5.5 — Comma and conditional operators

The comma operator

Operator Symbol Form Operation
Comma , x, y Evaluate x then y, returns value of y

The comma operator (,) allows you to evaluate multiple expressions wherever a single expression is allowed. The comma operator evaluates the left operand, then the right operand, and then returns the result of the right operand.

For example:

First the left operand of the comma operator is evaluated, which increments x from 1 to 2. Next, the right operand is evaluated, which increments y from 2 to 3. The comma operator returns the result of the right operand (3), which is subsequently printed to the console.

Note that comma has the lowest precedence of all the operators, even lower than assignment. Because of this, the following two lines of code do different things:

This makes the comma operator somewhat dangerous to use.

In almost every case, a statement written using the comma operator would be better written as separate statements. For example, the above code could be written as:

Most programmers do not use the comma operator at all, with the single exception of inside for loops, where its use is fairly common. We discuss for loops in future lesson 5.7 -- For statements (Not in this chapter 5, but L.5. Please excuse the disjoint lesson numbering.).

Best practice

Avoid using the comma operator, except within for loops.

Comma as a separator

In C++, the comma symbol is often used as a separator, and these uses do not invoke the comma operator. Some examples of separator commas:

There is no need to avoid separator commas (except when declaring multiple variables, which you should not do).

The conditional operator

Operator Symbol Form Operation
Conditional ?: c ? x : y If c is nonzero (true) then evaluate x, otherwise evaluate y

The conditional operator (?:) (also sometimes called the “arithmetic if” operator) is a ternary operator (it takes 3 operands). Because it has historically been C++’s only ternary operator, it’s also sometimes referred to as “the ternary operator”.

The ?: operator provides a shorthand method for doing a particular type of if/else statement. Please review lesson 4.10 -- Introduction to if statements if you need a brush up on if/else before proceeding.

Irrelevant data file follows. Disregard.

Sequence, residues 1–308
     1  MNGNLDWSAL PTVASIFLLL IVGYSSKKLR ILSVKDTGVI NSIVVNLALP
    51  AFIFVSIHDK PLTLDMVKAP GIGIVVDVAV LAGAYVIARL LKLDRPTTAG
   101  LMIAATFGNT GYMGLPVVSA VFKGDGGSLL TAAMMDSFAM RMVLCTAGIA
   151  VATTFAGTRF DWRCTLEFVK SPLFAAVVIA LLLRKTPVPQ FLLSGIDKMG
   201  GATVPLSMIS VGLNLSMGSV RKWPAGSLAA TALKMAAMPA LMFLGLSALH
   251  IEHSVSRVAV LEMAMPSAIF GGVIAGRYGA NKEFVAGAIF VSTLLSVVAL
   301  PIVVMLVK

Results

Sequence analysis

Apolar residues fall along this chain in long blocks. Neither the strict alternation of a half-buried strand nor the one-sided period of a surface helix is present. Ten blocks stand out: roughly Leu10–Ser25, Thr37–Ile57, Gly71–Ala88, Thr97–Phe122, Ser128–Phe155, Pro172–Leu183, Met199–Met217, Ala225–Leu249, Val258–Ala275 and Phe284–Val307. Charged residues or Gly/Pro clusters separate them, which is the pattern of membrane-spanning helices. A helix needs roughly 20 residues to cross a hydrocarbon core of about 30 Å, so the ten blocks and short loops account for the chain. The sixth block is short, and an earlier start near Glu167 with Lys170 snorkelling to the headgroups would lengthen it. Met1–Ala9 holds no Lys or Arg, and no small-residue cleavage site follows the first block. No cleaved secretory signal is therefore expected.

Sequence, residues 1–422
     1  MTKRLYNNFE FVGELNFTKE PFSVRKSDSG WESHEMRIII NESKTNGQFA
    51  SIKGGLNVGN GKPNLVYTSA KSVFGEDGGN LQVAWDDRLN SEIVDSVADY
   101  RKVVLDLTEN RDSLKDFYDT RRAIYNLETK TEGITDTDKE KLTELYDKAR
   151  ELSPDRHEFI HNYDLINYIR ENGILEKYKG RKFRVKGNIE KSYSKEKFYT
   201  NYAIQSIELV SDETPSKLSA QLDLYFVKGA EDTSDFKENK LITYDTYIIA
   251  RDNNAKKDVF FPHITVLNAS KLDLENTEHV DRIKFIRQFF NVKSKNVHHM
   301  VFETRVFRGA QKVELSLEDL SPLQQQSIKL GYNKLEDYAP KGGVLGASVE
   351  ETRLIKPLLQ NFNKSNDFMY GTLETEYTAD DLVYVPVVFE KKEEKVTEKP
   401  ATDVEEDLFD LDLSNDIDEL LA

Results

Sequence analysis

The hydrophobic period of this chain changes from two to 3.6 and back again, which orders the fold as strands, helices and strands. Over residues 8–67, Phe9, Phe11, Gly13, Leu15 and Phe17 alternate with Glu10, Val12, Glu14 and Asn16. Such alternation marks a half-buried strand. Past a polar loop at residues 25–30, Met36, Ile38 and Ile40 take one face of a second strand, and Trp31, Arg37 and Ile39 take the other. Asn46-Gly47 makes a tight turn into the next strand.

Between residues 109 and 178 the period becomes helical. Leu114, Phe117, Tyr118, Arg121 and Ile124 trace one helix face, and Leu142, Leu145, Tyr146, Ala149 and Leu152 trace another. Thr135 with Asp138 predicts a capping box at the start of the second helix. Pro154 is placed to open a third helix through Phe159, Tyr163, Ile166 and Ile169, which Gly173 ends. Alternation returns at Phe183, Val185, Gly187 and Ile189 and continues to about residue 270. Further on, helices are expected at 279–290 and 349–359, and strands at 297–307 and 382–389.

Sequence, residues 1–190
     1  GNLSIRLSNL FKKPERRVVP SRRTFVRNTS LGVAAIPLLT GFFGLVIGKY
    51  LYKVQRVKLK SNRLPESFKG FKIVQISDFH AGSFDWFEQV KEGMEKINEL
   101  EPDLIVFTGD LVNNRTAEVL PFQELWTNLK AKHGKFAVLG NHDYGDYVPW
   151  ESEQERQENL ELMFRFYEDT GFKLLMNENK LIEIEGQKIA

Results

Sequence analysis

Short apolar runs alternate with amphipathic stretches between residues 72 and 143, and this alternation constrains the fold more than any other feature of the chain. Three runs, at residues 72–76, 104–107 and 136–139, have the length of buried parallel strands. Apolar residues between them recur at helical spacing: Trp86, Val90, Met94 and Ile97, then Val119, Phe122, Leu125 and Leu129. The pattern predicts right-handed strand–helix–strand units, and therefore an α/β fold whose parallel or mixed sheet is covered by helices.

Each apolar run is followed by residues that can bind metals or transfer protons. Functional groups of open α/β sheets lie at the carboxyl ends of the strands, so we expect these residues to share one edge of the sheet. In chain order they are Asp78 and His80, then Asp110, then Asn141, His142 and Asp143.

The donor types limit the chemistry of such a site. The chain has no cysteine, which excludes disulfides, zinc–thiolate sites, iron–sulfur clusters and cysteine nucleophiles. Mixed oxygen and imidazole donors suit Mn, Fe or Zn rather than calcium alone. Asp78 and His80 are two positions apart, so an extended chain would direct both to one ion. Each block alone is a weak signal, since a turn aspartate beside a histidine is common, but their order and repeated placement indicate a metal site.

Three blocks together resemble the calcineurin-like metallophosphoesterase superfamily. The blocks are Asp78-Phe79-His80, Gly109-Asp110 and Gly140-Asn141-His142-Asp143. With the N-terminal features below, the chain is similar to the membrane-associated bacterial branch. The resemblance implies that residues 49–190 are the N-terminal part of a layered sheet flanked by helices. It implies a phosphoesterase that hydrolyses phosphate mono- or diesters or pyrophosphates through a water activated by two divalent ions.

An if/else statement takes the following form:

if (condition)

If condition evaluates to true, then statement1 is executed, otherwise statement2 is executed.

The ?: operator takes the following form:

(condition) ? expression1 : expression2;

If condition evaluates to true, then expression1 is executed, otherwise expression2 is executed. Note that expression2 is not optional.

Consider an if/else statement that looks like this:

can be rewritten as:

In such uses, the conditional operator can help compact code without losing readability.

Parenthesization of the conditional operator

It is common convention to put the conditional part of the operation inside of parenthesis, both to make it easier to read, and also to make sure the precedence is correct. The other operands evaluate as if they were parenthesized, so explicit parenthesization is not required for those.

Note that the ?: operator has a very low precedence. If doing anything other than assigning the result to a variable, the whole ?: operator also needs to be wrapped in parenthesis.

For example, to print the larger of values x and y to the screen, we could do this:

Or we could use the conditional operator to do this:

Let’s examine what happens if we don’t parenthesize the whole conditional operator in the above case.

Because the << operator has higher precedence than the ?: operator, the statement:

would evaluate as:

That would print 1 (true) if x > y, or 0 (false) otherwise!

Best practice

Always parenthesize the conditional part of the conditional operator, and consider parenthesizing the whole thing as well.

The conditional operator evaluates as an expression

Because the conditional operator operands are expressions rather than statements, the conditional operator can be used in some places where if/else can not.

For example, when initializing a const variable:

There’s no satisfactory if/else statement for this. You might think to try something like this:

However, this won’t compile, and you’ll get an error message that classSize isn’t defined. Much like how variables defined inside functions die at the end of the function, variables defined inside an if or else statement die at the end of the if or else statement. Thus, classSize has already been destroyed by the time we try to print it.